The RightsNow! project is honored to work with disability leaders, advocates, and allies in Peru to strengthen communities through disability rights implementation.
The rights of people with disabilities in Peru are recognized under the General Law on Persons with Disabilities of 2012 (29973). Peru was the first Latin American country to ratify the Convention on the Rights of Persons with Disabilities (CRPD)—in December 2007—and ratified the Marrakesh Treaty at the beginning of 2016, which has recently entered into force. The National Council for the Integration of People with Disabilities (CONADIS), together with the Ministry of Women and Social Development, published a 10-year plan for the equalization of opportunities for people with disabilities (2009-2018). This plan has an intersectional approach, therefore a multi-sectoral commission to monitor and follow up this National Plan has been implemented. It is comprised of representatives from the ministries of Women and Social Development, Health, Education, Employment, Foreign Affairs, and Finance.
Disabled People’s Organizations (DPOs) are working to advance disability rights and have taken an active role in government negotiations and policy review. Peru was the first Latin American country to provide a review of the CRPD domestically. DPOs actively participated in the country’s CRPD shadow report, particularly through CONFENADIP (the National Confederation of Disabled People of Peru). A number of DPOs are represented, alongside other civil society organizations, in the Roundtable on Disability and Rights. This Roundtable falls under the National Coordinator for Human Rights (CNDDHH) and is actively working together to prioritize disability rights issues on the government agenda. These issues include advocacy in the sectors of health, governance and access, education, and labor.
While there are a number of very good disability rights laws in Peru, many people with disabilities, particularly in rural areas, are not aware of their rights or how to ensure their rights are upheld. There is still a lot of work to do around implementation and enforcement of local, regional, and national laws.
In addition, organizations have the responsibility and challenge of sharing good practices and successful experiences when people with disabilities are successfully employed. There are also initiatives to build awareness in the Peruvian business community around the concept of corporate social responsibility.
RightsNow! will work with disability-led organizations, policy makers, legal experts, and other civil society actors to improve inclusion of people with disabilities, including women, children, and indigenous populations, in Peru.
The RightsNow! project welcomes all people to become actively involved in moving the disability rights agenda forward in Peru using the tools and resources made available in the Global Disability Rights Now! resource center.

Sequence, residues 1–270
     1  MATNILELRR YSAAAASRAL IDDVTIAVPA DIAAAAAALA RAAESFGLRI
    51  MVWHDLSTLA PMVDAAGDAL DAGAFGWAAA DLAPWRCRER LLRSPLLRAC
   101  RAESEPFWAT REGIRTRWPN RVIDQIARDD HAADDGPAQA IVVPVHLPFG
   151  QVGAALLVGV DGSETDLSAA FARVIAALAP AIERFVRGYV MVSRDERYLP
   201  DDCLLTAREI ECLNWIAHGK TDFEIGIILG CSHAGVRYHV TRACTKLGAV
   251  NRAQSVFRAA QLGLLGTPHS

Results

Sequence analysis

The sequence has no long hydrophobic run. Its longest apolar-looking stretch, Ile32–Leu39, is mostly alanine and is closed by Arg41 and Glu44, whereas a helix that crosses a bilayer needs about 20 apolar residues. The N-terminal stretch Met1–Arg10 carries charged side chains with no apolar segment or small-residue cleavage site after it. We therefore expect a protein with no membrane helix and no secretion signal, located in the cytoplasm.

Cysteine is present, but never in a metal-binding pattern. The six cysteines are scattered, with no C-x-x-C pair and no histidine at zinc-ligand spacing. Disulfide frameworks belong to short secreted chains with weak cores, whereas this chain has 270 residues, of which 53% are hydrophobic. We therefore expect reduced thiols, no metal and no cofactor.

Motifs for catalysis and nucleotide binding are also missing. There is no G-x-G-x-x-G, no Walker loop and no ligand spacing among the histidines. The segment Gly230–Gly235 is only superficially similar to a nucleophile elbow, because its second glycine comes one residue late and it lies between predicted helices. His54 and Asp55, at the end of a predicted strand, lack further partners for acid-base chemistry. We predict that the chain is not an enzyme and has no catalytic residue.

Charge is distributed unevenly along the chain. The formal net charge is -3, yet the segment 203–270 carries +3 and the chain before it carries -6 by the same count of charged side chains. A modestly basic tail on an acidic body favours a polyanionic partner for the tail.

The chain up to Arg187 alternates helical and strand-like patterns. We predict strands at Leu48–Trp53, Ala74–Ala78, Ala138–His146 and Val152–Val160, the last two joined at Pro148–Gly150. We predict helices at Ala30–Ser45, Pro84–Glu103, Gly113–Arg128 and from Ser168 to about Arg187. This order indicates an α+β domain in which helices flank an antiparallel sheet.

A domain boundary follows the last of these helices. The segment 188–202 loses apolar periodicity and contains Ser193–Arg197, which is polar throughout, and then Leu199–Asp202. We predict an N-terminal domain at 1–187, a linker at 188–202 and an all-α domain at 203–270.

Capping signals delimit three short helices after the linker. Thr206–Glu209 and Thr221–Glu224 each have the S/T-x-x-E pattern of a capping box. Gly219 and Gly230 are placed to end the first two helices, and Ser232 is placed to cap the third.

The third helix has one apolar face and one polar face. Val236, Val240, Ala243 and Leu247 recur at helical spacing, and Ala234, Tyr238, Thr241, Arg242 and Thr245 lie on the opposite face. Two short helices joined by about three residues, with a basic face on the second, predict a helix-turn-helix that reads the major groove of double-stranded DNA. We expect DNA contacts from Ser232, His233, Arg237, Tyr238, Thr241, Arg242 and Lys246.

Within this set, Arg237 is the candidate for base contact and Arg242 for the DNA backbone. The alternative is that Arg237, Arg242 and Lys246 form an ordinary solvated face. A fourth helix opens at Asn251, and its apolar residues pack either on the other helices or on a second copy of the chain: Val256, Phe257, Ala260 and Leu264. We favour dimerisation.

RightsNow! Activities in Peru
July 2016: MIUSA partnered with the Blind Women’s Commission of Peru (Comisión de Damas Invidentes del Perú) to conduct project activities in Peru. CODIP is a non-profit organization that works for the empowerment of women and girls with visual disabilities, in collaboration with DPOs and other groups to carry out joint advocacy activities. CODIP is part of the National Coordinator for Human Rights in Peru and has been working to promote the rights of people, particularly women, with visual and other disabilities for more than 15 years.
November 2016: The RightsNow! project team conducted a five-day introductory visit to Lima to meet with a wide range of stakeholders to gain first-hand information on the status of the national disability legal frameworks, implementation strategies, and disability rights initiatives. U.S. experts met with leaders of DPOs, civil society and human rights organizations, and local and national government officials.
May 2017: RightsNow! sent a team of U.S. experts to Lima who joined Peruvian experts on disability rights law to conduct a five-day training with 31 representatives of key human rights and disability organizations in 10 regions. Training topics included U.S. and Peruvian disability laws, enforcement mechanisms, human rights frameworks, effective policy advocacy, and training of trainers (TOT) workshops on building cross-disability and disability-led advocacy networks in urban and rural communities.
May-September 2017: Twenty-two individual or group trainings were held throughout the country by trained leaders from the training held in May. These leaders mobilized 589 participants, and provided workshops focused on coalition building, local advocacy for implementation of disability laws, accessibility in education, physical access, policy advocacy, and employment.
February 2018: RightsNow! sent a U.S. expert on Information and Communication Technology (ICT) accessibility to Lima to conduct 4 training workshops for government employees and other stakeholders. Workshops included presentations on basic elements of ICT accessibility, digital documents, ICT accessibility in higher education, and public procurement.
May 2018: Two webinars in Spanish were held on ICT accessibility policies, web development and content management, as follow up from the ICT technical assistance visit in February.
2016-2018: The RightsNow! Consortium provided technical assistance to DPOs, CSOs and government representatives on ICT accessibility, legal aid for persons with disabilities, US disability laws in Spanish, National Accessibility Plans and implementation of disability rights laws in Peru.
The key resources below are available in Spanish. It is our intention to continue to provide additional resources in Spanish